Just as I waited for a bus to arrive I received a phone call from a woman who was back for her post op visit with Dr. Rodriguez. She wanted to meet me so I told her I would be at the Tiverton lobby within a short while. It was not that long ago that she found my blog after three years of agony and hell since her sling was installed. It had only been five weeks since it had been removed and I was anxious to visit with her and see how things went.
She told me over the phone that my blog had saved her life. Like many women she had such difficulty trying to get to her job and she had missed many days of work when she could not make it. She had a disabled parking permit which helped, but she was finding herself at a point of no return and she wondered how on earth she would get through until her surgery and keep her job to pay her bills and medical insurance.
When I met her she told me she remembered me writing that if you have to get through minute by minute, hour by hour, day by day or month by month, do what ever it takes because the reward will be worth it. She did. By the time she made it to surgery she was in a wheelchair because the pain in her right leg was so immense when she tried to stand on it. You should also know at this point that her sling was the same type as mine and a TVT sling, not a TVT-O sling. This is important because doctors do not believe the leg pain happens with TVT. It definitely does!
Her two sons came with her when she had the surgery and she said they were her amazing strength. She had always been there for them and now it was their time to be there for their very sick mother. They passed with flying colors and are a tribute to her as a single mother raising two boys.
We met in the lobby, sat down on a couch and began talking and instantly felt comfortable with each other. She has a personality that shines along great determination. Her laugher was infectious and her spirit strong. AND she now walks without any help of a wheelchair or walking cane. Yes her nerve damage in her right leg continues but it is mild in comparison with how it had been for a long time. Even pain meds did not ease it at that time. Now she has reduced pain meds as needed and hopes one day she will be able to discontinue using them. She is adjusting to her new life and learning that she must do things in moderation. But she is thrilled to walk again.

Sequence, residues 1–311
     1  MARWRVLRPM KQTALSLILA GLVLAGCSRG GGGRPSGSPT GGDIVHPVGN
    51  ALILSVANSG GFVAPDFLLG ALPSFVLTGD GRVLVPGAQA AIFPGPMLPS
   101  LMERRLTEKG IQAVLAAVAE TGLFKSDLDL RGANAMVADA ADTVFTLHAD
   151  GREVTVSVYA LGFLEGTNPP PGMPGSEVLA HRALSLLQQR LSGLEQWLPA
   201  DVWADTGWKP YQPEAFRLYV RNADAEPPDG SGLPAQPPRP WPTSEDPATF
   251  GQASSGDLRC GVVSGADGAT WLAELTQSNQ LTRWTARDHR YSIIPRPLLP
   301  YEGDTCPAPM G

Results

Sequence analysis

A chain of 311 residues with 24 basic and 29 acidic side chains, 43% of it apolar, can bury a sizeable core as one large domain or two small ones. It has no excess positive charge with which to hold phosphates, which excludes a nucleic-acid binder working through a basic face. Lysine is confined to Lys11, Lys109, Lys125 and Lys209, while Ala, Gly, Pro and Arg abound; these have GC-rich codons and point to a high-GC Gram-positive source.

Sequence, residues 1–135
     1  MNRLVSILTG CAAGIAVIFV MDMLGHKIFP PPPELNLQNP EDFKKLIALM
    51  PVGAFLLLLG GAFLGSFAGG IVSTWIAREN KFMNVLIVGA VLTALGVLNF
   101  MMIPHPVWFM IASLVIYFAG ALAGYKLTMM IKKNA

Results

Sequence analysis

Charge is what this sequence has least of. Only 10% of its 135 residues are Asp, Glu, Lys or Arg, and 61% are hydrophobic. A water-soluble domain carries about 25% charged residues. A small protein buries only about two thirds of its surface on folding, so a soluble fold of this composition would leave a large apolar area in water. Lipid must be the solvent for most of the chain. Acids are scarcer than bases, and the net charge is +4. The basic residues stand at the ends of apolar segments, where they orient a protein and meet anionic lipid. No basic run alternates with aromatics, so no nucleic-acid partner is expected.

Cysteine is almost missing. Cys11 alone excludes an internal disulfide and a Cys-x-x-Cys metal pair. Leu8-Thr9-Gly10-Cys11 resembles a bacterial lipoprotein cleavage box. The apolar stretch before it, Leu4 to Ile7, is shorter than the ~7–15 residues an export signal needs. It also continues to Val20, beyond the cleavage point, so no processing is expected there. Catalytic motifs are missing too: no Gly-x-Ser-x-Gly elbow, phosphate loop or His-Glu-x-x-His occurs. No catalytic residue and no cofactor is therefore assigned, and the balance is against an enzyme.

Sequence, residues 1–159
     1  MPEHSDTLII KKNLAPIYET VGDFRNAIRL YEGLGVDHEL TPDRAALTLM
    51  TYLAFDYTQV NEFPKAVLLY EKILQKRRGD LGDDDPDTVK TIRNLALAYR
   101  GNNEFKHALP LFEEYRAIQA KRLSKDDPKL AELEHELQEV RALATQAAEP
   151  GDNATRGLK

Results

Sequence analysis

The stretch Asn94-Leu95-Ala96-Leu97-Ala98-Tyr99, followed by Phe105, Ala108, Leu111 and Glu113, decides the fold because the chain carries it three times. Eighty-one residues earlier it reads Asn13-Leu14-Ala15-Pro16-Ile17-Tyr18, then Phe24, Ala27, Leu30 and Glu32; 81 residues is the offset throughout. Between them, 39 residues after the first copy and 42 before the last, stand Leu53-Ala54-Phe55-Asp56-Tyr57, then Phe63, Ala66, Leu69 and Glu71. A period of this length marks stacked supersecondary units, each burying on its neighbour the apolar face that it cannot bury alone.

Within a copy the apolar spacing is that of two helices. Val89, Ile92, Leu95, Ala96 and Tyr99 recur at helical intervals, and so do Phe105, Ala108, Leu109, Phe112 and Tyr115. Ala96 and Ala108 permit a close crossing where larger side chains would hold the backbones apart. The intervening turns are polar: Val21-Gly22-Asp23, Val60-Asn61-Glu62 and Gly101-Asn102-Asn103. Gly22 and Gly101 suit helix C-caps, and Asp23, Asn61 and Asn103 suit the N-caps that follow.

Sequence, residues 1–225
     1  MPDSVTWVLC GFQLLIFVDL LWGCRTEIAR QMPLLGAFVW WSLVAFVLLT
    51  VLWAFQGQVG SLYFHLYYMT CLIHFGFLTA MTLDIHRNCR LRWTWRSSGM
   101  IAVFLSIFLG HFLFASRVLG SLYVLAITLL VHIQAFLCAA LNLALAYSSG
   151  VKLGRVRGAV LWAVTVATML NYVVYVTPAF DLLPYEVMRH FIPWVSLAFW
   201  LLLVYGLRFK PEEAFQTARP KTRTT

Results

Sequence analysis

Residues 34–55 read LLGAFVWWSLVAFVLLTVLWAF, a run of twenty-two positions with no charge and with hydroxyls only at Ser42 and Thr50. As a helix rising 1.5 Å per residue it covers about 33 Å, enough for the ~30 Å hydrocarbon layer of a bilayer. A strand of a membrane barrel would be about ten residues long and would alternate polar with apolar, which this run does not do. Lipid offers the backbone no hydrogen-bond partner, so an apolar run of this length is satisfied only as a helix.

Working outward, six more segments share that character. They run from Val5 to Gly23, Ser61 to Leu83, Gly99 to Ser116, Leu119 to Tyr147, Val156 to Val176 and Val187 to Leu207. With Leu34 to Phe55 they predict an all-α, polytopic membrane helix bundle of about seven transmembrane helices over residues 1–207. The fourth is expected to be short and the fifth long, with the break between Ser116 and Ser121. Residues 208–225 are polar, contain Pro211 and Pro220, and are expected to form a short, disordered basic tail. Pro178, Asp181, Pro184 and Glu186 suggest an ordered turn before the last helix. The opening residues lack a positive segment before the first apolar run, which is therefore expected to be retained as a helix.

You know the spiritual tent shows, where they have people get up and walk out of wheelchairs? Well that is what the urologists of UCLA are doing for us. When I saw her I wanted to shout with joy because one more woman has her life back. Not perfect, but with time, maybe the nerve pain will be manageable so that now she can do things she never thought possible. This is my wish for every mesh injured woman. To smile the brightest smile of this woman because she feels great joy again.
She told me that this experienced had changed her life in more ways than one. Things she thought were important before her mesh injuries, no longer were. She has decided to make changes in her life and do something that makes her happy. Her boys are grown and she as an artist wants to feel there is more to life that a job she no longer enjoys just to pay bills. I know she will find whatever it is that will make her happy AND pay the bills and I wish her well. I can see it in her eyes that she is one determined woman who will do whatever it takes, the same as she did to get out to UCLA and have the mesh removed.
Five weeks since surgery is not long to be doing so well, but I am thrilled for her. A great deal depends on attitude, taking supplements to keep your health and getting the mesh out as quickly as possible. She did all of the latter and now she is being rewarded. Another great joy for her is that the day it was removed her brain fog left. Like many women it made life a huge struggle.
I hope many women will read this and find a new determination to get out to UCLA and find a better life. To see this woman yesterday was the greatest birthday gift I could ever receive. Her joy is my joy and I celebrate every woman’s life that has been saved by having a terrible product removed from their body. It gives me great hope…………..